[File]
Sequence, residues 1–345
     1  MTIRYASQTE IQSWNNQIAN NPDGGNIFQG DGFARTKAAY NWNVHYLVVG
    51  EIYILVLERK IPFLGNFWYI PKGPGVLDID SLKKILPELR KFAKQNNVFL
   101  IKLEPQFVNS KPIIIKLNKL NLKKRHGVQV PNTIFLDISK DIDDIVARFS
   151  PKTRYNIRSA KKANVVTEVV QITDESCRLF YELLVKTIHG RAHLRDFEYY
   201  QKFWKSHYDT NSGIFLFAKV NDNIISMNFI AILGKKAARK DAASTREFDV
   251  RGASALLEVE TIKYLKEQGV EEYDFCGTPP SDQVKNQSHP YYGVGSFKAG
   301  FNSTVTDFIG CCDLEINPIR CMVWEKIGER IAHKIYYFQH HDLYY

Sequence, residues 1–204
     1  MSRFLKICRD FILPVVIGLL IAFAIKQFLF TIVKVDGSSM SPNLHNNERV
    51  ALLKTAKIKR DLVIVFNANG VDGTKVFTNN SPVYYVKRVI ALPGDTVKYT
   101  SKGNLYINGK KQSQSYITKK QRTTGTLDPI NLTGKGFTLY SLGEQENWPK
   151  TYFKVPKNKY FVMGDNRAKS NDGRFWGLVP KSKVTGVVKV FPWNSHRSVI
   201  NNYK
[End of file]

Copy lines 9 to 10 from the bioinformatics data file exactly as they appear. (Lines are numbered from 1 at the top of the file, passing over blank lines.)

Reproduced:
Sequence, residues 1–204
     1  MSRFLKICRD FILPVVIGLL IAFAIKQFLF TIVKVDGSSM SPNLHNNERV